American Bankruptcy Institute
Join Renew Refer a Colleague Partners Search ABI Store Contact Us Site Map
American Bankruptcy Institute
About ABIABI MembershipMeetings & EventsOnline ResourcesPublicationsNews RoomConsumer Bankruptcy Center
 Print this page



Contact: Scott Relyea
or Michele Parisi
at (703) 739-0800

ALEXANDRIA, Va., March 18, 1997 -- Closing a year that saw numerous records set for bankruptcy filings, 1,178,555 bankruptcy petitions were filed by both businesses and consumers during 1996, according to official bankruptcy statistics released today by the Administrative Office of the U.S. Courts. This plateau represents a 27.2 percent increase over total bankruptcy filings for calendar year 1995, which stood at 926,601.

Consumer bankruptcy filings continued to drive the increase, as more than 95 percent of total filings, or 1,125,006, were by individuals. This represents an increase in non-business filings of 28.6 percent over 1995. By contrast, the 53,549 business filings for 1996 marks only a 3 percent increase over business filings for 1995.

Total bankruptcy filings in the United States have more than doubled during the past decade, with only 530,436 petitions filed in 1986. Consumer filings for 1986 stood at nearly 450,000, approximately 85 percent of the total for that year.

"The recent numbers represent a systemic problem within both the bankruptcy system and the economy as a whole," noted Richardo I. Kilpatrick, of the Michigan firm of Shermeta, Chimko & Kilpatrick P.C., who is an ABI director and chair of its Consumer Bankruptcy Committee. "The beat goes on."

The fourth quarter of 1996 marks the second consecutive quarter that total filings for a single three-month period averaged more than 100,000 per month, as 311,131 bankruptcy petitions were filed from October 1 through December 31, 1996, and the fifth consecutive quarter to register an increase in filings.

Of the more than one million consumer bankruptcy filings, 779,741 petitions, or 69.3 percent, were filed under chapter 7 of the Bankruptcy Code. Chapter 7 affords an individual debtor a "fresh start," as his or her unsecured debt is discharged and the individual debtor is allowed to retain some exempt property, while the remaining assets are sold and distributed to secured creditors.

Commenting on the correlation between rising consumer debt levels and the increase in bankruptcy filings, Samuel J. Gerdano, ABI Executive Director, noted, "The alarm bells continue to sound for the financial community and policy makers alike." According to the Federal Reserve, payments on consumer debt during 1996 stood at approximately 17 percent of disposable personal income.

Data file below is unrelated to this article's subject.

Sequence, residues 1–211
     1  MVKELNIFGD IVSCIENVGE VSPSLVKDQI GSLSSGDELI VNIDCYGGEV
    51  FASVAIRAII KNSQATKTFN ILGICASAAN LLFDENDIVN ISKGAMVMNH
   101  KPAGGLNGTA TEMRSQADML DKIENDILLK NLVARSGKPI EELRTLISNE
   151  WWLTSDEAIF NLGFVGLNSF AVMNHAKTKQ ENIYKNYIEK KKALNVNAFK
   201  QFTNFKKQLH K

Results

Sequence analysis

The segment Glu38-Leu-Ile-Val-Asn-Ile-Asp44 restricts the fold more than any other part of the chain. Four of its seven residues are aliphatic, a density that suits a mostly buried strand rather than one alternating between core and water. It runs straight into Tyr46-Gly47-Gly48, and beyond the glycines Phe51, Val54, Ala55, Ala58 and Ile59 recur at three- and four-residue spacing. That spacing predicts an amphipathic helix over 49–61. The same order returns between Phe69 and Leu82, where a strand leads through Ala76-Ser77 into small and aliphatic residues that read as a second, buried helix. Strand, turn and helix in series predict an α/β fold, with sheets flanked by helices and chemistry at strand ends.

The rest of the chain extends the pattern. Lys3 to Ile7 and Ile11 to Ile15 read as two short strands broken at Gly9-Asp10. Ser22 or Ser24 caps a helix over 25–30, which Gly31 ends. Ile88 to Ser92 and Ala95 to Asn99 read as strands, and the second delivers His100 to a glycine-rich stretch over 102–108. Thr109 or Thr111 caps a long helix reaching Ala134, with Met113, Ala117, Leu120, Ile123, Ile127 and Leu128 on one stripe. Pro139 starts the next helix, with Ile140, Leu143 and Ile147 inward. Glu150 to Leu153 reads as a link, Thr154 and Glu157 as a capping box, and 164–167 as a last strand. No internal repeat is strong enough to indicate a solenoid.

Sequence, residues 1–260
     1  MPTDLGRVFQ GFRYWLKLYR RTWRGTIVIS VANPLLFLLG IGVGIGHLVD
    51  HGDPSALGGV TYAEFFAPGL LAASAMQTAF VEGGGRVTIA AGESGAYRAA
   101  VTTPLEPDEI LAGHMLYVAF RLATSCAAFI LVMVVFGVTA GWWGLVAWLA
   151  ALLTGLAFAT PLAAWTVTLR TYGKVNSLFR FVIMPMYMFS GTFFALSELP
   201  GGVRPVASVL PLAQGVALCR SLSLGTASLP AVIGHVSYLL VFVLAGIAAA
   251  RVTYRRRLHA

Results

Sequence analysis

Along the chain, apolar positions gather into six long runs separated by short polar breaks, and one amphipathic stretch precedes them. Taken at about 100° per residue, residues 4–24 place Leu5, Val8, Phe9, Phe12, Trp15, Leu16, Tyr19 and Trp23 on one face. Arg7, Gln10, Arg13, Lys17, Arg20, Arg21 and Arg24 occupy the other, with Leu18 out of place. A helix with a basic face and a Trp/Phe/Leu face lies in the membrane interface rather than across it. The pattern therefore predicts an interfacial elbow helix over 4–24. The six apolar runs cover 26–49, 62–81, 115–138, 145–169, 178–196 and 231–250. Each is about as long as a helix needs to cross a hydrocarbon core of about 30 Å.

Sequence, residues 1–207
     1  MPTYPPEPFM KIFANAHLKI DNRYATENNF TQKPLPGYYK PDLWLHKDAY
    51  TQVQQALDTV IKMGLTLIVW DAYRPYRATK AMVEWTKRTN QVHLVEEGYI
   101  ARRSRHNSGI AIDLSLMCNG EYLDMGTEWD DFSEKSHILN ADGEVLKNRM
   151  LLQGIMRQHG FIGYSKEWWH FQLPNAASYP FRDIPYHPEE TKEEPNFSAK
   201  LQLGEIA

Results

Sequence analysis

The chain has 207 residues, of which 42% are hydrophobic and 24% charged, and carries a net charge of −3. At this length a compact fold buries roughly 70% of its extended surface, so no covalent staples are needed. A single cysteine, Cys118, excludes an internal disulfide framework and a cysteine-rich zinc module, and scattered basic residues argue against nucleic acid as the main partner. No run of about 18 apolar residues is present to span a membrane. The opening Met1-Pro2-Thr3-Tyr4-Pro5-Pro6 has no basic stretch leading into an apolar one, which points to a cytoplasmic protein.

For the fourth consecutive quarter, every state in the country saw an increase in total filings over the previous 12-month period, with only the District of the Northern Mariana Islands among the 93 judicial districts recording a drop. Total filings increased by more than half from 1995 to 1996 in three districts: District of Guam (60.4 percent), District of Hawaii (51.9 percent) and Middle District of Louisiana (50.4 percent).

Once again the Central District of California reported the greatest number of total bankruptcy filings, at 102,645. Marking a 24.7 percent increase over 1995, this number is more than double the filings recorded in 1986, at approximately 47,000.

ABI is the largest multi-disciplinary, non-partisan organization dedicated to research and education on matters related to insolvency. ABI was founded in 1982 to provide Congress and the public with unbiased analysis of bankruptcy issues. The ABI membership includes more than 5,400 attorneys, bankers, judges, professors, turnaround specialists, accountants and other bankruptcy professionals providing a forum for the exchange of ideas and information. For more information on ABI, visit ABI World at

For information and statistics collected especially for the media and other researchers, visit

- 30 -

Copyright © 1997 American Bankruptcy Institute.
Previous Press Releases


© 2014 American Bankruptcy Institute, All Rights Reserved